In May, members of the ILC Global Alliance met on Bintan Island, Indonesia, for a strategic planning meeting and protocol development workshop. We had a productive and inspiring meeting that will carry our work forward well into the future.
However, dipping our toes in the South China Sea, our thoughts turned to many shores and the impacts of ageing for island populations. Islands are, of course, numerous and diverse, and not all are equatorial paradises like Bintan. Islands may also be at different stages of the demographic and epidemiological transition, and vary according to population size and land mass. But they all face numerous and complex issues associated with population ageing, globalization, and climate change.
The urgency for some smaller and more low-lying islands is rising along with sea levels, which are a major and imminent threat. These threats include poor crop yields from salt inundation, increase in flooding and other natural disasters, and in some cases, loss of coastal housing and diminishing land mass.
Population densities on most islands have increased steadily since the 1950s and will continue to increase through 2050, alongside population ageing. Even comparatively young island countries are rapidly ageing, with increasing proportions aged 60+ (see Table).
The figure (below) shows the current Healthy Life Expectancy (HALE) at birth and lost healthy years (the difference between life expectancy and HALE) for selected island states. The figure illustrates the opportunities to improve longevity, and for gains in healthy ageing among people in these countries. On average, individuals in these selected countries spend at least 7.5 years of their lives in poor health. Each has the potential to add health to years.
Figure: Overall life expectancy at birth for selected Island countries, by healthy and unhealthy life expectancy 2016 (WHO GHO 2016).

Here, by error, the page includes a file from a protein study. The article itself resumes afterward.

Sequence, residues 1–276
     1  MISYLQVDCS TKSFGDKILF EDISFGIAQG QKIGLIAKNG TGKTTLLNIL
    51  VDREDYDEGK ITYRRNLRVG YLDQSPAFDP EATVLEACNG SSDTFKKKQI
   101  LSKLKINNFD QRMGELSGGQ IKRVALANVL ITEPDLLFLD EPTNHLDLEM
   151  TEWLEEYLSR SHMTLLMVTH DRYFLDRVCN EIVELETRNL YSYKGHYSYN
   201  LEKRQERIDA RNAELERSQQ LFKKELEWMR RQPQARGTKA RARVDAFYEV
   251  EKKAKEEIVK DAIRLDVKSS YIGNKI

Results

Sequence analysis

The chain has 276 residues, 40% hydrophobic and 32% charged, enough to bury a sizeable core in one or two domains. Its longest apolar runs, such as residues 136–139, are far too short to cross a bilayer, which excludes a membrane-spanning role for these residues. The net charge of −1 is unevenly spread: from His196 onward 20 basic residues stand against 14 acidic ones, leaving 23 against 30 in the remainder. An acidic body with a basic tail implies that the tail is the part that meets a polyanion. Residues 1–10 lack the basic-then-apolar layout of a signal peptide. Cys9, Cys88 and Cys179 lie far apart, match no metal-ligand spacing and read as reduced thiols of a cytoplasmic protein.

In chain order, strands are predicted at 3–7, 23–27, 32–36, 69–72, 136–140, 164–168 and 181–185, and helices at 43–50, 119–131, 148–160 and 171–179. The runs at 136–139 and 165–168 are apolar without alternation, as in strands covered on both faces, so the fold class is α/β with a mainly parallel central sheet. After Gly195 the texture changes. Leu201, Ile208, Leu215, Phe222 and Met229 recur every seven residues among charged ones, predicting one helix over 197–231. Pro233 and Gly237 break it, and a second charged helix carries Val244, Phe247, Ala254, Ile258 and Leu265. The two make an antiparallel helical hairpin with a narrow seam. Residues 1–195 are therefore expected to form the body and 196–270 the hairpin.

Recently, Ian Anderson and Wayne Irava published a paper on the impact of ageing on the health systems and other resources for Pacific Islands. They emphasise that, unlike larger and mainland populations, these smaller and geographically constrained population groups cannot rely on the demographic dividend to help them through these transitions (Anderson and Irava, 2017). Likewise, a recently published report “Health System Responses to Population Ageing and Noncommunicable Diseases in Asia”, noted the need for health systems in countries like Sri Lanka to adapt, and the challenges these smaller island nations will face given the other health demands, and their limited resources (Yiengprugsawan, Healy and Kendig 2016).
While climate, environmental and cultural issues related to ageing on island states are perhaps more prominent than mainland counterparts, there are also similarities, such as clinical and public health measures that influence wellbeing. Results from a recent study in Barbados for example, illustrate the challenges posed in low-resource settings for implementing international best practices in acute ischaemic stroke management. High levels of hypertension and obesity in the context of health systems challenges are contributing to concerns about specific conditions like stroke, but also healthy ageing (Harewood-Marshall et al., 2018).
Paul Kowal and Julie Byles have long argued for studies that help us to understand ageing from the perspectives of various Island populations. A comparative longitudinal study on ageing and adult health would provide an evidence base to address the issues faced by ageing islander populations, and unique insights into ageing in these contexts and the potential for healthy longevity. Many of these Islands are countries or part of nations with few resources for research, but let’s not forget that many higher income countries such as England and Australia are also Islands. We need to be concerned for the fate of our neighbours, as well as our own.
Professor Julie Byles with Dr Paul Kowal
Professor Julie Byles is the Head of ILC Australia, and Global Innovation Chair in Responsive Transitions in Health and Ageing at the University of Newcastle in Australia.
Dr Paul Kowal is a Conjoint Academic with the University of Newcastle’s Research Centre on Gender, Health and Ageing, Senior Research Advisor at Chiang Mai University Research Institute for Health Sciences, and a scientist with the World Health Organization’s Multi-Country Studies unit.
Anderson I, Irava W. The implications of aging on the health systems of the Pacific Islands: Challenges and opportunities. Health Systems & Reform. 2017;3(3):191-202. DOI: 10.1080/23288604.2017.1342179
Harewood-Marshall AS, Craig LS, Martelly TP, CorbinDOC, Maul L, et al. Managing acute ischaemic stroke in a small island developing state: meeting the guidelines in Barbados. BMC Public Health 2018, 18:648.
United Nations Population Division https://esa.un.org/unpd/wpp/
World Health Organization, Global Health Observatory http://www.who.int/gho/en/
Yiengprugsawan V, Healy J, Kendig H (eds). Health system responses to population ageing and noncommunicable diseases in Asia. Asia Pacific Observatory, Comparative Country Studies Volume 2, Number 2, 2016.